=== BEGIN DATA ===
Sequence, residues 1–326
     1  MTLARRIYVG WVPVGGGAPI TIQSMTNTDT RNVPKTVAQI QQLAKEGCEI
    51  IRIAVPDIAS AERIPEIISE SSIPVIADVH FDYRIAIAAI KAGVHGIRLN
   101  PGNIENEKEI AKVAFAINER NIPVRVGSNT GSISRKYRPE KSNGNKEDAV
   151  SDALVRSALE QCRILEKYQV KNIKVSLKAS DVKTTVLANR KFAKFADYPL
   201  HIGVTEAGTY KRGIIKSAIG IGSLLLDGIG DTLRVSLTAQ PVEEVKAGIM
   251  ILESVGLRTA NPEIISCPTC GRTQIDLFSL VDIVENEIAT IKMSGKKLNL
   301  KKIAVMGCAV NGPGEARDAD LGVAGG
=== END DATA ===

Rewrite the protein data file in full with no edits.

Sequence, residues 1–326
     1  MTLARRIYVG WVPVGGGAPI TIQSMTNTDT RNVPKTVAQI QQLAKEGCEI
    51  IRIAVPDIAS AERIPEIISE SSIPVIADVH FDYRIAIAAI KAGVHGIRLN
   101  PGNIENEKEI AKVAFAINER NIPVRVGSNT GSISRKYRPE KSNGNKEDAV
   151  SDALVRSALE QCRILEKYQV KNIKVSLKAS DVKTTVLANR KFAKFADYPL
   201  HIGVTEAGTY KRGIIKSAIG IGSLLLDGIG DTLRVSLTAQ PVEEVKAGIM
   251  ILESVGLRTA NPEIISCPTC GRTQIDLFSL VDIVENEIAT IKMSGKKLNL
   301  KKIAVMGCAV NGPGEARDAD LGVAGG